ABS Approves 3D-Printed Parts After Six Month Trial on U.S. Tanker

This is interesting, and could be a game changer for obsolete equipment/defunct OEMs. Early on I was picturing smallish plastic pieces and I wondered what parts these additive manufacturing systems could really be used for, but according to the trials on Polar Tankers ship its serious parts: “a gear set and gear shaft for boiler fuel supply pump, flexible coupling used on a marine sanitation devices pump, and an ejector nozzle for a fresh water generator,

However, reading this and some of the referenced prior trials got me thinking…Is it really going to be that impactful for most equipment or critical equipment? Much of the equipment onboard is Class Equip or Type Approved equip. So it looks like any parts made on a 3D printer will have to have gone through a similar approval process (and be made on an approved printer, at an approved location). If I’m reading the ABS Guide for Additive Manufacturing correctly this means you can’t just make a random part in a pinch unless it’s already gone through a design/engineering/approval review.

That puts a huge limitation on the usefulness. Unless your company has a very robust shoreside engineering group to source of all the applicable CAD drawings, file the applications, perform the tests, get ABS witness, and build a massive database (that in 10-15yrs will be useless), I’m not sure how far this goes. In very limited circumstances would the cost be worth while for any but the largest of companies with cookie cutter fleets.

Unless…unless someone wants to seed-fund a company for me to start building a subscription database of Class Approved printable parts…

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Well that sounds right up Polar’s alley.

That’s kind of how I read it as well. I could also see exceptions based on what the part and machine was. For example, our emergency fire pump had a bearing seize. During the failure, the aluminum dust cover was destroyed. I turned one on the lathe and installed it until we received the official dust cover. Granted, the cover wasn’t a critical part, but it was on class equipment. Would a 3d printed one have worked in this case? Sure, with the added advantage that once the printer starts going it frees you up to work on other things.

I’m curious about how the printer would work on board a ship. The printer I’ve got at home runs off of belts for the X/Y travel but a lead screw for Z. Even with everything snug I still get a smidge of backlash in the stepper motors. Granted, it’s a cheap printer (Ender 3), but I can see the roll or vibration of the ship causing quality issues.

I can see some use with more common hardware. McMaster Carr has CAD files for much of the hardware on their website and Grainger is beginning to do the same. It would help in a pinch, but in reality I can have McMaster or Grainger parts waiting for me at the next port.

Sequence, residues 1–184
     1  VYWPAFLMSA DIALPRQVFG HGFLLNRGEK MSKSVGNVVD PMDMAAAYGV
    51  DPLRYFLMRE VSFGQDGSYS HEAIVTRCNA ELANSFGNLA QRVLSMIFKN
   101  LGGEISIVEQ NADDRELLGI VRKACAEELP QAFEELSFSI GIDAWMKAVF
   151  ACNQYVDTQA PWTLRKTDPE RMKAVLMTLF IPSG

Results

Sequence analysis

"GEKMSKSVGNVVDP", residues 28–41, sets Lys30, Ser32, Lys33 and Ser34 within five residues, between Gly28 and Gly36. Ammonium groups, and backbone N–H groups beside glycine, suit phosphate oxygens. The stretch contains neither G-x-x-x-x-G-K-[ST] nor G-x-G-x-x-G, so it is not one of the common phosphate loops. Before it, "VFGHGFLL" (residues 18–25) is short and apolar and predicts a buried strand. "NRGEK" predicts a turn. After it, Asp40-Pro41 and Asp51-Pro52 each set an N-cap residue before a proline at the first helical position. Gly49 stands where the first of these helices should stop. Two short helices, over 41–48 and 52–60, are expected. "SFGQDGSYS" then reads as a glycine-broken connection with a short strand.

My impression was this was for parts to be made shoreside and shipped out, not for parts to be made onboard?

I believe you are correct. In one of the articles it says that the parts were provided to the tanker for use testing, so I don’t think the printer was onboard. Having spent many years on very stable vessels I hadn’t really considered the heave, roll, and print-head backlash issues.

I haven’t read that full guidance document, but I wonder if this ever does become prevalent whether dispensation would be provided for temporary emergency use under C/E’s authorization. Kind of like how you can never break the seal and adjust propulsion steam boiler relief valves, except that C/E can in case of emergency until you reach port (after contacting the OCIM if I remember my exam questions).

Have to get a printer onboard to take advanced bracket making to the next level!

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You will need to hold an STCW endorsement for Basic Marine Additive Manufacturing Systems Operator (BaMAMSo) before you make any brackets. Make sure the source code for that bracket originates from a USCG approved marine bracket design firm.

Making anything other than basic brackets will require coursework and certification as an Advanced Marine Additive Manufacturing Systems Operator (AdMAMSo) which requires a minimum of 500 hours watching an onboard printer make parts while holding the BaMAMSo certificate.

Making plastic action figures on a home desktop 3D printer may substitute for up to 250 hours of the required machine observation time.

A one week course on powder metallurgy and laser safety is a prerequisite for the basic certificate.


Also, in order to obtain AdMAMSo, you must have current PIC AdMAMSo verify knowledge through a lengthy series of completely unrelated task and discussion based assessments.

I don’t want to interrupt your enlightening discussion on bracketry, something I think we all hold near and dear…(I’ve been pushing for the academies to offer Underwater Bracket Weaving for some time, to no avail.)

Just wanted to say that article you posted is refreshing that a quasi regulatory body is actually recognizing that tech often out paces rules and is trying to get on top of it. Now if only the USCG would do the same with license curriculums and exams…